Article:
TORONTO — The two men behind a free Toronto area newspaper that promotes legalizing rape and denies the Holocaust were found guilty on Thursday of promoting hatred against women and Jews.
In delivering his verdict against James Sears and LeRoy St. Germaine, Ontario court Judge Richard Blouin called evidence of their guilt overwhelming.
Sears, 55, the editor-in-chief and St. Germaine, 77, the publisher, had argued Your Ward News was meant to be satire but Blouin said there was nothing funny about their odious views.
If what they were doing didn't amount to wilful hate promotion, the judge said, nothing would.
"Both men were fully aware of the unrelenting promotion of hate in YWN," Blouin said in his ruling. "(They) intended that hatred to be delivered to others."
After the verdict, Sears, who compared himself to a persecuted Jesus, said he would be appealing.
Sentencing in the case is set for April 26.
Watch how other people have been called out for their hateful actions across Canada. Story continues below:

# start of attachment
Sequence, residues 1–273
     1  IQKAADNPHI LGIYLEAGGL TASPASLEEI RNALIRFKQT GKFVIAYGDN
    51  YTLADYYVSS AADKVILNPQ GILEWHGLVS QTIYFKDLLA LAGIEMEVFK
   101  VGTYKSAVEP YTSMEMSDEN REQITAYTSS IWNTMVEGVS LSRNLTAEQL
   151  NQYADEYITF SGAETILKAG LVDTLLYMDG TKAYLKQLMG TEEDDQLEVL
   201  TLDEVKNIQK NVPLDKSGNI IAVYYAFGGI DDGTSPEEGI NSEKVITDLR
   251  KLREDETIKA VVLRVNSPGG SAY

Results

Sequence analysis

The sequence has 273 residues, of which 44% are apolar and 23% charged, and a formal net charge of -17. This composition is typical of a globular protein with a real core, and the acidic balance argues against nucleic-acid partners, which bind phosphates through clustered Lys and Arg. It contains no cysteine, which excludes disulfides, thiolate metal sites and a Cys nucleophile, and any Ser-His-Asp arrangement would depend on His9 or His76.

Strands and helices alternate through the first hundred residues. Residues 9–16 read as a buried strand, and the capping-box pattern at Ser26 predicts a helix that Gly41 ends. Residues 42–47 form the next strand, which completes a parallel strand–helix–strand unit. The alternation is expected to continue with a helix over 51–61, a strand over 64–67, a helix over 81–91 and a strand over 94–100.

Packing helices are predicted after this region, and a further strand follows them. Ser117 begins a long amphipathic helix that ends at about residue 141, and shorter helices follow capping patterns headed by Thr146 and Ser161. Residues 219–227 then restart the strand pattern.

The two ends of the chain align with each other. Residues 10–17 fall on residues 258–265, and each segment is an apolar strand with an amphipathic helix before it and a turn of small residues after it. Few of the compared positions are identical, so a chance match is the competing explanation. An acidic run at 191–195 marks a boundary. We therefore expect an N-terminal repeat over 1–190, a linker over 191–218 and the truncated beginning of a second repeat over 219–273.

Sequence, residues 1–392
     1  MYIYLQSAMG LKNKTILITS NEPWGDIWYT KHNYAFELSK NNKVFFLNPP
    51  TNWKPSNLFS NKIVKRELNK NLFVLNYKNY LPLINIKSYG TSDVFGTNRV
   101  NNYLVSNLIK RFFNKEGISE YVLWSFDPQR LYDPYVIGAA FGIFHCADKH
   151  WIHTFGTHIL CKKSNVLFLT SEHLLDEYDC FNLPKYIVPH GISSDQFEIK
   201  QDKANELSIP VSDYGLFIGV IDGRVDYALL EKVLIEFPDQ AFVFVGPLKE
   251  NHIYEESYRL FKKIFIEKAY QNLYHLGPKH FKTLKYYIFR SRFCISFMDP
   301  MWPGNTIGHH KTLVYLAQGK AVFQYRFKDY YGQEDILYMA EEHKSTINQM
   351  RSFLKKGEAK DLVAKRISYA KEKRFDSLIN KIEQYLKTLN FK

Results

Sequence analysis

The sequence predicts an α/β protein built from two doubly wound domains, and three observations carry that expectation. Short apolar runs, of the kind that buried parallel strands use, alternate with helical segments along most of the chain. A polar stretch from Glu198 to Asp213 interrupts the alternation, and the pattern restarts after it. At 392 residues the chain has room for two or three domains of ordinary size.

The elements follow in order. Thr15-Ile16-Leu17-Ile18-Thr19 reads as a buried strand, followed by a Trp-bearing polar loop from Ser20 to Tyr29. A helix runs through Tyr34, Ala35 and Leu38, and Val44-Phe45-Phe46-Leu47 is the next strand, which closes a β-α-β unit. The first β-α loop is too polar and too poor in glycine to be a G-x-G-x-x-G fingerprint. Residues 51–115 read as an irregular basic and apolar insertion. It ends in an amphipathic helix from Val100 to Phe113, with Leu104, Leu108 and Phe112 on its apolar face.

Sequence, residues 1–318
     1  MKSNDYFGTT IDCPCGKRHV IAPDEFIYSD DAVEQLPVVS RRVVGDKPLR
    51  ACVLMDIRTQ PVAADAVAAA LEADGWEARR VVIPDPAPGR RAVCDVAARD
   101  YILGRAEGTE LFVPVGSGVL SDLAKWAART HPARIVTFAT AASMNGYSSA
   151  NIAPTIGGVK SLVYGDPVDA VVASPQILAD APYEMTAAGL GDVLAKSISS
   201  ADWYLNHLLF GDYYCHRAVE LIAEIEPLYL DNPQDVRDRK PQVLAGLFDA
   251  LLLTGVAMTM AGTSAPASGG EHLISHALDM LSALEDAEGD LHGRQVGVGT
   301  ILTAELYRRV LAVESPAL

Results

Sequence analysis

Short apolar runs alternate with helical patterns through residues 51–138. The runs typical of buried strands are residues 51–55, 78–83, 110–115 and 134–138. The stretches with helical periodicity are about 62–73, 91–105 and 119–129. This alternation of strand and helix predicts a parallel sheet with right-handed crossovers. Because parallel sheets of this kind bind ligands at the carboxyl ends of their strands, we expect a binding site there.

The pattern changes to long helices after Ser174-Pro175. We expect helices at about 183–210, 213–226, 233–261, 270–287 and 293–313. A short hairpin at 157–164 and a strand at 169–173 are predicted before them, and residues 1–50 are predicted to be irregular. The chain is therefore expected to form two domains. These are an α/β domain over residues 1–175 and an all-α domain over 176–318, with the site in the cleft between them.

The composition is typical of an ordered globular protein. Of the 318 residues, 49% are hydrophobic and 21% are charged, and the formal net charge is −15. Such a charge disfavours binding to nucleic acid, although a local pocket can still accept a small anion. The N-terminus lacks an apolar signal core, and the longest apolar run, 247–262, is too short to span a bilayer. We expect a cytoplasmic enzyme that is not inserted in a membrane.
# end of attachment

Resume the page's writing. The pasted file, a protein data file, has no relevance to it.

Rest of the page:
The prosecution argued Your Ward News was filled with "vile and degrading" articles and imagery.
Prosecutor Robin Flumerfelt told the trial the publication demonizes feminists as "dangerous people" and calls women "tri-orficed chattels." The paper also brands most feminists as "satanists exhilarated by abortion," claims women are inferior, and that feminism encourages rape, court heard.
The paper also contains repeated claims of a worldwide, blood-thirsty Jewish conspiracy. Flumerfelt said its imagery depicts Jews as devils with serpent tongues and reptilian hands, argues Jews were behind the 9/11 terrorist attacks and the Holocaust was a Jewish myth to strengthen their control of the world.
Both men were fully aware of the unrelenting promotion of hate ...Judge Richard Blouin
"These are examples of the communications that the defendants made available to hundreds of thousands of homes without being asked," Flumerfelt told court.
Sears and St. Germaine had pleaded not guilty to two counts each of wilfully promoting hatred against identifiable groups.
Sears' lawyer Dean Embry had tried to argue that the courts should not criminalize anti-feminist sentiment. The publication, the lawyer said, only takes aim at some women and some Jews, and while it may be offensive and go too far at times, it doesn't advocate hatred or violence against those groups.
St. Germaine and Sears, who lost his medical licence in the early 1990s for sexual misconduct with three women, face a maximum sentence of a $5,000 fine or six weeks in jail.
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